In the Cold of the Malecon
Departing from both the utopian-political and the romantic-baroque styles of past Cuban literature, Ponte deftly sketches a picture of a contemporary Cuba that is very different from the stereotype of Caribbean life, full of music and dance and colorful celebration. An old man and a six-year-old prodigy have a rendezvous to play chess at a forlorn railroad station. Randomly riding trains, a woman keeps company with a strange assembly of men. An unemployed historian falls in love with an enigmatic astrologer, and the two live out their tragedy in the streets of Havana as homeless vagrants. A father and son take an aimless stroll after lunch to see the whores along the Malecón, Havana's seaside promenade. A young man, one of the last Cuban students to go to the Soviet Union on a foreign-study program, returns to Havana, where he explores his identity-looking at childhood photos with his grandfather, spending time with old friends, and obsessively seeking news of a woman he had known and loved in Russia. In a style both lucid and translucent, Ponte shapes intricate stories of self-discovery and metaphysical revelation in spare and allusive prose.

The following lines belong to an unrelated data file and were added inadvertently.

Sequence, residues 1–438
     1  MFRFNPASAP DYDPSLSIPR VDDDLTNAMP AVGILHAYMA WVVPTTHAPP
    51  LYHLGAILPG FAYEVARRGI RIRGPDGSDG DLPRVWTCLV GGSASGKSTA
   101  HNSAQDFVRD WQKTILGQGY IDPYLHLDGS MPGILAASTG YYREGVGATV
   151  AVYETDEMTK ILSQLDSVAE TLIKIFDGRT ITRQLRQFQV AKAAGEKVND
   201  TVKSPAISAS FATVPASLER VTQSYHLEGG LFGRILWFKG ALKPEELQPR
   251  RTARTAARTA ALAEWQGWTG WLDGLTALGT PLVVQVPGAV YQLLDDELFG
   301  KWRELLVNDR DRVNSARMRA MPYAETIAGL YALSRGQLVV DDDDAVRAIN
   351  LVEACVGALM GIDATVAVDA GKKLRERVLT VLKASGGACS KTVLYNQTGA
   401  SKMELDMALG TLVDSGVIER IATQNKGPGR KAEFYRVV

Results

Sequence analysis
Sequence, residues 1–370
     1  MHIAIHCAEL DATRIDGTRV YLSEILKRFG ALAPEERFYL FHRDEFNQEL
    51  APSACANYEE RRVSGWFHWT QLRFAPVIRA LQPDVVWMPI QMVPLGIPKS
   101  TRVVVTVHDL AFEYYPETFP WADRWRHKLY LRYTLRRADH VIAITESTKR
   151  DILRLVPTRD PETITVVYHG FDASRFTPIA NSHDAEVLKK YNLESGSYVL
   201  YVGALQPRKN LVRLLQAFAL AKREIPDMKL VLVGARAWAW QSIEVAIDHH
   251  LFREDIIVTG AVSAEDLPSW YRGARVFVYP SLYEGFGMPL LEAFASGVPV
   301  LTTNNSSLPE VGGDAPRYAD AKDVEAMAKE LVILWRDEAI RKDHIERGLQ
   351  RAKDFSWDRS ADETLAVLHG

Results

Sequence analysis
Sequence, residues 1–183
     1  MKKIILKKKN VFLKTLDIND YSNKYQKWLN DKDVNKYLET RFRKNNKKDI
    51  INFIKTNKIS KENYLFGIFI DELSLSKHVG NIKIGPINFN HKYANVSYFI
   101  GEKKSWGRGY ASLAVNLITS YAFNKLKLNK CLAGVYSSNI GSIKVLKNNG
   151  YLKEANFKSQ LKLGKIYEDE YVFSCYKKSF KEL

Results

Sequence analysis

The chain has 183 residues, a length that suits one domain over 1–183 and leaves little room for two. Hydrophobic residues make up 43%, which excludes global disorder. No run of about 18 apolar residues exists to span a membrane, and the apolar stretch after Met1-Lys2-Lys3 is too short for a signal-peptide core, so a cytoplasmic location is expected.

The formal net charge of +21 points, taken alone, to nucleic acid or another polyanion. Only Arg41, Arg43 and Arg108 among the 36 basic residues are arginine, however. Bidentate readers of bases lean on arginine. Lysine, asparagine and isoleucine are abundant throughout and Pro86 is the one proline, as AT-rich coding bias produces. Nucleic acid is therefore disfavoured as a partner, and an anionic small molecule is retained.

About the Authors
Antonio José Ponte was born in 1964 in Matanzas, Cuba, and studied at the University of Havana. He worked for some years as an engineer, and then as a screenwriter. In addition to writing short stories and fiction, Ponte has published prize-winning collections of poetry and essays. His work has been published in France, Germany, and Spain. This is his first book to be published in the United States.
Cola Franzen is the translator of over twenty books, including Poems of Arab Andalusia, Dreams of the Abandoned Seducer by Alicia Borinsky, and Horses in the Air by Jorge Guillén (recipient of the Academy of American Poets Harold Morton Landon Translation Award 2000).
"In his first book to be published in the U.S., Ponte gives readers a short collection of six elliptical stories from inside the Cuban revolutionary experience, closer in spirit to the fiction of Eastern European dissidents than to that of Caribbean fabulists, unlike exiled writers who see the island as either a mythical homeland or a political cause.